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Neurons on display in a 360° all-round view

Prateep Beed works as a postdoctoral researcher at the Charité – Universitätsmedizin Berlin and the Berlin Institute of Health. Besides his work in the laboratory, he’s committed to finding ways to make research accessible to a wider public. Shortly before the Berlin Science Week 2017, an international science festival in Berlin with more than 100 events and over 15,000 visitors, we met the scientist and talked with him about the world of research both inside and outside the laboratory.

Dr. Beed, what do you particularly like about Germany and Berlin?

I was born and grew up in India, but I always wanted to study abroad. When the University of Tübingen offered me a scholarship grant to do a master’s degree, I was delighted to accept. In time, I learned to particularly appreciate the German education system. I really love Berlin, as a city that offers not only good job prospects, but also an amazing number of opportunities for personal development. It’s important to me to have a life outside the lab.

“Googling” your name, one finds videos of your talks, links to Open Science platforms and event announcements. Do you spend more time outside the lab than in it?

I find it important that, as researchers, we not only present our work in scientific journals but also communicate what we actually do to a wider public. Knowledge must be shared. However, most of the knowledge of the scientific community never reaches the general public. So how can we bring our work, which is largely financed by tax money, back to the people? Successful initiatives are the “Open Science Workshop” of the Free University, the Berlin Science Week or the Falling Walls Lab, where interested members of the public have the opportunity to talk to scientists. In addition, such events act as catalyzers for scientists to get to know other people from the community. In that context, I’ve met many people who work in the areas of Digital Health and Health Accelerators, for example at Bayer or SAP. There’s a whole ecosystem to discover outside the university.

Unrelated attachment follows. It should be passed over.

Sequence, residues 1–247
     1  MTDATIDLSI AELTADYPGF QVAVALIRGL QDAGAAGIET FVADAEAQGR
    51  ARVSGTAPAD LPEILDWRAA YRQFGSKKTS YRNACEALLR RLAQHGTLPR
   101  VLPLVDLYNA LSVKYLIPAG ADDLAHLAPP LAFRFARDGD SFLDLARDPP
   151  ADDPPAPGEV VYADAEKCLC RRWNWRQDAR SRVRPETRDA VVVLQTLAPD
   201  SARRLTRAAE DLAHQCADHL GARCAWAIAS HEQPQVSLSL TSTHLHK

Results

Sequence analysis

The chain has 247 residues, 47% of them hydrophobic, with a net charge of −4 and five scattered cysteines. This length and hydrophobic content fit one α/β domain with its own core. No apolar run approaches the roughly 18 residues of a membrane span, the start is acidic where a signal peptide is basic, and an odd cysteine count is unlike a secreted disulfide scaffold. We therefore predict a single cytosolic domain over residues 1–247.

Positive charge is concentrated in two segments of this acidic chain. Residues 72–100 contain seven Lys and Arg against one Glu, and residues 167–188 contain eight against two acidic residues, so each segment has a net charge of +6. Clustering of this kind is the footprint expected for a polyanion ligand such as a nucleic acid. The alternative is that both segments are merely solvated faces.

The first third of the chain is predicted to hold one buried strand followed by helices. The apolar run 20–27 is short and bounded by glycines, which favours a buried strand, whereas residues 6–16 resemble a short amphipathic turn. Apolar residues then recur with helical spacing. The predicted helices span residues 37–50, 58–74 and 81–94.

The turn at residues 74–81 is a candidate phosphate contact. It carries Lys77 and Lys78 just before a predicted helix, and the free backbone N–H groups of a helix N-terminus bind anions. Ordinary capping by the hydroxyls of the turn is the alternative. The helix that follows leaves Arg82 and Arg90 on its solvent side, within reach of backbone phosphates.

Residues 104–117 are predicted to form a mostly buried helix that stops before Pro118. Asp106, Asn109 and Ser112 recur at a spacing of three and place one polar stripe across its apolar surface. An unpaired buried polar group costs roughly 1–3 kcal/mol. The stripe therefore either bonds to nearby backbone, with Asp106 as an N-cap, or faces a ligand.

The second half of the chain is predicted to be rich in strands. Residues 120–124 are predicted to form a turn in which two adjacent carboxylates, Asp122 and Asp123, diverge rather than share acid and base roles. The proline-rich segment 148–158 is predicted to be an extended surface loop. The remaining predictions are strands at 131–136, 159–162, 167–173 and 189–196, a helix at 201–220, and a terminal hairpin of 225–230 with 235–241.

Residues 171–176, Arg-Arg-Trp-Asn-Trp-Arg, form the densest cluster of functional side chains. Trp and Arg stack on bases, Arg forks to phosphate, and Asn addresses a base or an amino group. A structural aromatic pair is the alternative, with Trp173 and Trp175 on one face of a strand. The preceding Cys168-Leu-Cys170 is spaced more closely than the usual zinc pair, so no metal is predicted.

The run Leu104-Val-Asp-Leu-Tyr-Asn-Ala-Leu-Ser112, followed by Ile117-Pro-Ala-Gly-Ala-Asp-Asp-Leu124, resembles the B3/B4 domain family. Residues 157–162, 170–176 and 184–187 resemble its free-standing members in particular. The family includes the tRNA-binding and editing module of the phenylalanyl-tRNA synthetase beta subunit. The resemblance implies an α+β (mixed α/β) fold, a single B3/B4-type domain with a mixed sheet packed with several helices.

How do you find the necessary time for this, in addition to your research?

I take the time. Of course, there’s always enough work, but if you stay focused you can use your time very efficiently. Many people in research believe that ever more is possible. But it’s more important to know at what point it’s best to draw a line and let things rest once in a while. If something doesn’t work, you have to learn when to give up on it.

Did you have a role model for you as a scientist?

Richard Feynman explained physics in a way that anyone could understand. As a scientist, you should always be able to explain your research in two sentences. Ultimately, the most important thing is not to get lost in the details, but – to use an expression from the start-up scene – to present your work in a short “elevator pitch”.

Prateep Beed

Funding program

BIH Delbrück Fellows    

Funding period

2015 – 2021

Project title

Cortical Circuits in Health and Disease

Research area



Charité – Universitätsmedizin Berlin and Berlin Institute of Health (BIH)


Since 2015